What impact is it having?

If you go there, it’s always cool, the wind there is really comfortable, compared to the conventional system where you had to work in the full sun.

Currently, the issue is we are only a few farmers benefiting from this system. I want this project to extend. And this can only be possible with funding support from additional partners.

How else does being part of Fairtrade help?

The Fairtrade Premium bonuses [have been used] to build infrastructures – like clinics, health centres, water pumps, boreholes, giving us water in areas where we don’t have access to good drinking water.

Sankofa Project (l-r) John Kwabena Narh, Emelia Debrah, Nicholas Amponsah, and Bismark Kpabitey, after irrigation training in Alavanyo, Ahafo region of Ghana

You did your degree in Business and Human Resource Management, why did you not pursue a job in the city?

I like agriculture. This is one thing that makes me happy, being on the field. I had true motivation.

Do you see yourself as a climate activist?

I am now! After going to COP26 in Glasgow with Fairtrade and seeing how my stories went viral, I realised I have knowledge that I want to share. I can read and write, I try to make others understand.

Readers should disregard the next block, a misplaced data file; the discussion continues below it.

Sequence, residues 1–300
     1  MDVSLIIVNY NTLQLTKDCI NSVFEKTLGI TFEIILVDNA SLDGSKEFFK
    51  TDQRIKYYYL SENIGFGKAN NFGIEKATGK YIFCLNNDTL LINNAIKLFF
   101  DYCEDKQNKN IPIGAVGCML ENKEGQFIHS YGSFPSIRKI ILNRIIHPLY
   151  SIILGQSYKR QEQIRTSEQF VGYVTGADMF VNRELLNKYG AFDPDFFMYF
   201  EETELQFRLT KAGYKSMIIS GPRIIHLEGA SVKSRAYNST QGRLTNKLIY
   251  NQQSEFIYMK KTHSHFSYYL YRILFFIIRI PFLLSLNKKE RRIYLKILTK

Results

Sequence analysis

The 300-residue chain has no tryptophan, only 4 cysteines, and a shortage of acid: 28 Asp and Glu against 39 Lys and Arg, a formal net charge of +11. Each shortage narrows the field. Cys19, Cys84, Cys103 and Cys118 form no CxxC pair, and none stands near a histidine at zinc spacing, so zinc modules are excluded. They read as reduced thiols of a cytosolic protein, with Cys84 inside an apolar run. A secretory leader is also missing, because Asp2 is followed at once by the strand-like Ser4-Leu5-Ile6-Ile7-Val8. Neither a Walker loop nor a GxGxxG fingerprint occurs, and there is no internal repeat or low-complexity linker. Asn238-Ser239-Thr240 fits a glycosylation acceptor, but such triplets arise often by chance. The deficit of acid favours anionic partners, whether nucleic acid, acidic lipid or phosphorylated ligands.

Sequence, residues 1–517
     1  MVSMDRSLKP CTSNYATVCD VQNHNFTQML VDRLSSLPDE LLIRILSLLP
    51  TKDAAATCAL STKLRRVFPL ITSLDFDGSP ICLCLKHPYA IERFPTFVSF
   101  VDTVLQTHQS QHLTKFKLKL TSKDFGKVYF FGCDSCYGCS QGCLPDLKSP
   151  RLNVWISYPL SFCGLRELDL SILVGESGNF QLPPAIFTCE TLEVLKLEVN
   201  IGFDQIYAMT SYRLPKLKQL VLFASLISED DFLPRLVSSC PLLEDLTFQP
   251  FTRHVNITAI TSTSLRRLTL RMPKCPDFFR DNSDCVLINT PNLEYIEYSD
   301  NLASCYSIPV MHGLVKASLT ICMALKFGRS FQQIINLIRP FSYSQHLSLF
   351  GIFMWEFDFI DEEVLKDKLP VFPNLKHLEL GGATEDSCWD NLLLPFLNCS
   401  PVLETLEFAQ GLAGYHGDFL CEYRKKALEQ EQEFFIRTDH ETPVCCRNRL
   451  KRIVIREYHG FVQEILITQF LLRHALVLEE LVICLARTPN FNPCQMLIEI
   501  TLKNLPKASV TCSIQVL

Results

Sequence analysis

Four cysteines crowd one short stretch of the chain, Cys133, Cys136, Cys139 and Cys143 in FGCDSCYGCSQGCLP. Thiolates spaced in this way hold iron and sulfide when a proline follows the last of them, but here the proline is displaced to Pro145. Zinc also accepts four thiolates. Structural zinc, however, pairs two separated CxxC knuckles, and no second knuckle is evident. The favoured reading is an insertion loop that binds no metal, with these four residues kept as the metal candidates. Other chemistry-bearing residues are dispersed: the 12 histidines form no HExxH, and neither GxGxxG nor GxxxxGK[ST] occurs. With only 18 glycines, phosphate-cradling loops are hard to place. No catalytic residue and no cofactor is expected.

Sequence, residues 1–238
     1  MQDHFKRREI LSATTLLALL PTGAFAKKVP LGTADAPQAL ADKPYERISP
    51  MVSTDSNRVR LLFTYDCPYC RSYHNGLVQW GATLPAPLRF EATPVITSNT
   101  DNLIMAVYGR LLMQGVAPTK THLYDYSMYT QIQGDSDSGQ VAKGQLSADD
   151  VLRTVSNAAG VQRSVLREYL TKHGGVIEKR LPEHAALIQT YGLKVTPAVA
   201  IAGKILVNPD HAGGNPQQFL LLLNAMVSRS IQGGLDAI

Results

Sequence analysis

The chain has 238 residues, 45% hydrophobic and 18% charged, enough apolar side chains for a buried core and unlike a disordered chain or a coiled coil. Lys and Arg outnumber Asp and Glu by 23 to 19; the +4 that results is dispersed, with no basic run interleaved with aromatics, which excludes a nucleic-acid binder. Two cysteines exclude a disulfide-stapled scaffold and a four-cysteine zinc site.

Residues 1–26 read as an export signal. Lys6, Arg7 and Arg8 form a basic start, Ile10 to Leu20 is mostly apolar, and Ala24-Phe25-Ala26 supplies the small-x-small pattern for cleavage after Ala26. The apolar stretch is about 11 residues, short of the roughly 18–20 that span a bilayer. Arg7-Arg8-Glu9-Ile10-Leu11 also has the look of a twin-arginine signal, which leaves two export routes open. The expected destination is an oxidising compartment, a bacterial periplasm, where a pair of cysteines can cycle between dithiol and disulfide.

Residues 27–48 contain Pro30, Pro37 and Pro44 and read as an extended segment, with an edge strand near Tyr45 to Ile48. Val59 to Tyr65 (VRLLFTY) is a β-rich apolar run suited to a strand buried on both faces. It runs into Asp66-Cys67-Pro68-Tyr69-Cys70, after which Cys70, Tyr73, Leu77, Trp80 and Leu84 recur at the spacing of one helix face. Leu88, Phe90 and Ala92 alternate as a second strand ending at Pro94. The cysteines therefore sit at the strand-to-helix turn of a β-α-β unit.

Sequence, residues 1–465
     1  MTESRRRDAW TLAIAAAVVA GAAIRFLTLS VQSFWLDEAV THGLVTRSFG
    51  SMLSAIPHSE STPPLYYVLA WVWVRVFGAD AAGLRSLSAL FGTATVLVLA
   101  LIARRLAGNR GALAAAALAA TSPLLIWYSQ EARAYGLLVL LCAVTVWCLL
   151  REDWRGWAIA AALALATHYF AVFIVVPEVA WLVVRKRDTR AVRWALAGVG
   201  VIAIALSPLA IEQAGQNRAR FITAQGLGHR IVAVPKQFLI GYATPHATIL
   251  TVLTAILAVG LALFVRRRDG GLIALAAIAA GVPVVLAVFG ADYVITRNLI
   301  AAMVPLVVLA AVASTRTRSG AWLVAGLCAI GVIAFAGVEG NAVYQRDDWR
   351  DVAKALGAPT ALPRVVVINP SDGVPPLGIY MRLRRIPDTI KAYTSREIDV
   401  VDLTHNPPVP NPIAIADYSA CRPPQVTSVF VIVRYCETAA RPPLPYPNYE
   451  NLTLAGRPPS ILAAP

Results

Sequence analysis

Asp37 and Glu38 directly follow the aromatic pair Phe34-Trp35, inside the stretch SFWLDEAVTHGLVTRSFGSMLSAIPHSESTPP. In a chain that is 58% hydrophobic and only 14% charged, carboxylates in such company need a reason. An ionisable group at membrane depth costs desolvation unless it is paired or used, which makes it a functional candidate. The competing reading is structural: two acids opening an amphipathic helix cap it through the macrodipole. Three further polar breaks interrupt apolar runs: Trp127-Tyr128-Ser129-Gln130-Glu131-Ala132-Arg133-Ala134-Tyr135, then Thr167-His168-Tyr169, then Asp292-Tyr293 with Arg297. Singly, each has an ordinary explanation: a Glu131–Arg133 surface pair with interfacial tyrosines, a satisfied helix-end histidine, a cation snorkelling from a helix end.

I give farmers training from what I’ve learned in Sankofa, I want to help others to take some steps.

Photo credits: Fairtrade Africa and Fairtrade Foundation.

Support cocoa farmers like Bismark

The project Bismark is part of, “Alliances for Sankofa” is supported by the Coop Sustainability Fund and Chocolats Halba, the Swiss Platform for Sustainable Cocoa (SWISSCO) and the State Secretariat for Economic Affairs (SECO), the Danish International Development Agency (DANIDA), the International Trade Centre (ITC) and Max Havelaar Foundation Switzerland. It is implemented by ITC together with the Kuapa Kokoo Cooperative Cocoa Farmers and Marketing Union Limited (KKFU) and partners including the Government of Ghana, Fairtrade Africa, WWF Switzerland and the Yam Development Council. Technical support to the project is provided by Ecotop Suisse GmbH, South Pole and the Nature and Development Foundation (NDF).